Caving or Speleology is a science. You carefully prepare for the variables, even though we could see the hole in the ground and could see about 5-7 feet into the hole you never know what is coming next. We had to prepare for nearly anything…



An Architecture Home Companion (AHHC)

Today is the first day of the rest of your life

If you drive from Lake Architectless to Fort Wayne it takes about 45 minutes. It is roughly 30 miles, but the road isn’t very straight. My grandfather used to always say you could be in Fort Wayne a lot faster flying with the crows.

My grandfather used to say a lot of things. In fact he still says a lot of things. He is a very wise man. For most of his life he was a farmer. Northern Indiana is of course famous for tomatoes. The kind of tomatoes that grow best in the soil left behind by the retreating glaciers of 10,000 years ago.

Grandpa grew tomatoes on about 200 acres of land – with another 200 acres that he grew feed corn and another 200 acres that was normally in soybeans with the last 400 acres normally lying fallow. He rotated the crops, growing each of them for a year in one field, with two fields that he didn’t plant any one year. He had an apple orchard as well, but that was mostly for fun and had been planted by my uncle after he came home from Vietnam. Grandpa always said we should make a lot of noise around Uncle Rick – he wouldn’t mean to shoot us but he was jumpy since he came back from the war.

We used to play in the woods that bordered grandpa’s farm. From WWII to Pirates, there was enough space for us to play any game. I had friends who lived in the small town of Goshen which was near Grandpa’s farm.

And when Grandpa was in the mood to give advice, I always listened.



An Architecture Home Companion (AHHC)

Episode 57

The path to salvation

“The lord,” Father Gary Thompkins said the following Sunday “has torn down our tower of babel. And then he brought upon us the babbling languages of change. Those who would take the lord’s clear message and change it to be about planning. The lord is our plan. The lord is our guide. The lord..” that went on for 32 minutes telling us everything the lord was. I didn’t realize the lord was a tulip and felt really bad for stepping on one. It was on the way from the car to the church and I didn’t see it until it was too late. Now I have stepped on the lord. What would happen to me?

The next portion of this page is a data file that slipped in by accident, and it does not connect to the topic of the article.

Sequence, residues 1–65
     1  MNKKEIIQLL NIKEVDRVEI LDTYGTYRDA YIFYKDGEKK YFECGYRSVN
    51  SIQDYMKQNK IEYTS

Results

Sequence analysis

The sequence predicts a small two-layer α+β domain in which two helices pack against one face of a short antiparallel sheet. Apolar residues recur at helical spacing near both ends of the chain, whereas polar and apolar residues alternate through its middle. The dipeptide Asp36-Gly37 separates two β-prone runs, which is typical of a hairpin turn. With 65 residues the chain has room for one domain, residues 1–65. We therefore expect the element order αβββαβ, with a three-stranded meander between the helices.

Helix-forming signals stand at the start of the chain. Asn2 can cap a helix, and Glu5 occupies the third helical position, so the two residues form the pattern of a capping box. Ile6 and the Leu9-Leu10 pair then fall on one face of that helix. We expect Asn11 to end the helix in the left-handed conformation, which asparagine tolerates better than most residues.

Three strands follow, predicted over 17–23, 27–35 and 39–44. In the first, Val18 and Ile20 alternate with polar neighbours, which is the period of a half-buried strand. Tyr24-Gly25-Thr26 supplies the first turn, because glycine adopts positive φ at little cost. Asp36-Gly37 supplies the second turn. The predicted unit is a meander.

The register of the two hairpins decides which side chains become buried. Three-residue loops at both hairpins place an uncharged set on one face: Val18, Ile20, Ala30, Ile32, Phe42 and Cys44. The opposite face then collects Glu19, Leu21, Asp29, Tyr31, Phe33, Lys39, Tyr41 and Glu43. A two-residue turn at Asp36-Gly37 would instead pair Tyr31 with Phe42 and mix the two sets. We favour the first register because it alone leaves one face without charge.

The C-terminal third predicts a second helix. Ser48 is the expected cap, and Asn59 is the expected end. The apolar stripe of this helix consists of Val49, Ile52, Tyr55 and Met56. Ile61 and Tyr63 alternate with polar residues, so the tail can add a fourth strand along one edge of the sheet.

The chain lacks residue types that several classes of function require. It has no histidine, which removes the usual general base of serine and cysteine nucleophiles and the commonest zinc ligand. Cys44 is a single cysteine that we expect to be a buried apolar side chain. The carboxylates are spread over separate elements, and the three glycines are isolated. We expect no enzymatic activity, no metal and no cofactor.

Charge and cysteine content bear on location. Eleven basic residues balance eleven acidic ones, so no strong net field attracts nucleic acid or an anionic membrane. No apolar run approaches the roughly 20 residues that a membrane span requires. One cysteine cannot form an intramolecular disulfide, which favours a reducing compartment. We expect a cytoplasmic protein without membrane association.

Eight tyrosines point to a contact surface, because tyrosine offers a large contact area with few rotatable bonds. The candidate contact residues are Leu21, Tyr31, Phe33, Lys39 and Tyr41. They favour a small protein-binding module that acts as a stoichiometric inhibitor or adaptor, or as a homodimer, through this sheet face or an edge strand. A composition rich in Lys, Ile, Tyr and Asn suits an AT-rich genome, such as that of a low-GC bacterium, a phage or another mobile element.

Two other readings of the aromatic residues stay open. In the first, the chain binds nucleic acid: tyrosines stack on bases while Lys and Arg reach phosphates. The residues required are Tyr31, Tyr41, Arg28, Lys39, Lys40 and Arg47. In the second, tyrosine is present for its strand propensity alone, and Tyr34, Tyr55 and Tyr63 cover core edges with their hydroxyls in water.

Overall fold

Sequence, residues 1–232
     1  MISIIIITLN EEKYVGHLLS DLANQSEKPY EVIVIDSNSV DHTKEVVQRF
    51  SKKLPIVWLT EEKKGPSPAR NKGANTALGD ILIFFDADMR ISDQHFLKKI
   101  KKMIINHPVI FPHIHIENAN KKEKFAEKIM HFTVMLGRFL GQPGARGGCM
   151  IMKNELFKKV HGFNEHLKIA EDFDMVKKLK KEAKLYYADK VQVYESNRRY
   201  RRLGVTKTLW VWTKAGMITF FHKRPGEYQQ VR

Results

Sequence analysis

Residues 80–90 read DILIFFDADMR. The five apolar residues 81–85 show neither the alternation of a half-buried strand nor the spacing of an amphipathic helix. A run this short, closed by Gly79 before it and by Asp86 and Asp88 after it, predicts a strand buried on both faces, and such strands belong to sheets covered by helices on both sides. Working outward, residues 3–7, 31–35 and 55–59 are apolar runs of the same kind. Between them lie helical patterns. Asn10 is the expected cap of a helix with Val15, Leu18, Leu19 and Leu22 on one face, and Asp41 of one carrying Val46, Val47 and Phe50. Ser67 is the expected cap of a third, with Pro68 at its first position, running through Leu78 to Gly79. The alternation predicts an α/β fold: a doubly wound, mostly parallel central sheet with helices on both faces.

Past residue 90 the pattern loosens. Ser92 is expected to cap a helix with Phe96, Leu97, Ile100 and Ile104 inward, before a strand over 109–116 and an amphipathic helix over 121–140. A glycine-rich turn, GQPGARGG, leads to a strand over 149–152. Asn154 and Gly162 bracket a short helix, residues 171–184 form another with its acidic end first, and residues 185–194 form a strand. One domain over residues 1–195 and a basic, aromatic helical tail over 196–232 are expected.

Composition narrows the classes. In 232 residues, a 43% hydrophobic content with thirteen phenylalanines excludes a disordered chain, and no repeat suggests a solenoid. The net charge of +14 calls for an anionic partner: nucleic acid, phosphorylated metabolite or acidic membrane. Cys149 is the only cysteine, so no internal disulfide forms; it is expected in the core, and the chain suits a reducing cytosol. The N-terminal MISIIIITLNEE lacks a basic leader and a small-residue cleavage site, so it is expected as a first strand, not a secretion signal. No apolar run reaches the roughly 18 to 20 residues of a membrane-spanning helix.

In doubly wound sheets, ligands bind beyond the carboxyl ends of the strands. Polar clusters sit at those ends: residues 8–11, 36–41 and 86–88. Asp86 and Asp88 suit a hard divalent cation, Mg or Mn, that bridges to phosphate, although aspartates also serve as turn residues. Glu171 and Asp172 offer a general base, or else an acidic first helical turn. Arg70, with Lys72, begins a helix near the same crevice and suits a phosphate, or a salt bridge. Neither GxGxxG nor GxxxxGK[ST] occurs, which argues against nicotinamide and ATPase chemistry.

“We,” Father Thompkins continued “have a chance to change the world around us. To listen to god’s message in that growing maw in front of our general town/town council utility building. Do you hear god’s message in the fallen tower?”

Of course most of us did not. We really weren’t quite sure how a sinkhole in cave country was the message of God. But, you never know so we didn’t say anything. Plus the sheer reality was that trying to stop Father Thompkins when he was on a roll, nearly impossible.

So we listened. With every phase the guilt was added. I wondered if he knew I had stepped on one of the church tulips. I am sure many other people worried about many other faces and thoughts and places and beings of god they had stepped on.

What we didn’t know was that god’s message was more about the confusing and probably dishonest stories being told by Buck and the Mega Computing team. God sought honesty in the world around us, not dishonesty.

The path to salvation was to find a way through the lies to the truth.



An Architecture Home Companion (AHHC)

Episode 56

Promises, promises

I realized why my father and Tom were talking about “what you see is what you get” the next Monday when we met at the downtown park. The paper was filled with all the various promises that Buck and his company “mega computing” had made.

Could they deliver the changes they promised? Stop lights and elevators, buildings that would fall over and a plan for our town?

As we sat on the park bench we began talking about the changes that would represent. No more CRM vendors wandering into town to sell their wares. No more ERP vendors with trucks sitting in the parking lot of the general store. What would happen to old man Wither’s engineering store? Would he be able to stay open? Much of our best summer adventures had been built with the bits of code and pieces of hardware we stitched together after a visit to his store.

We looked around our fair town (do you have to obey one way streets when you are looking around a bunch of one way streets?)

What would change?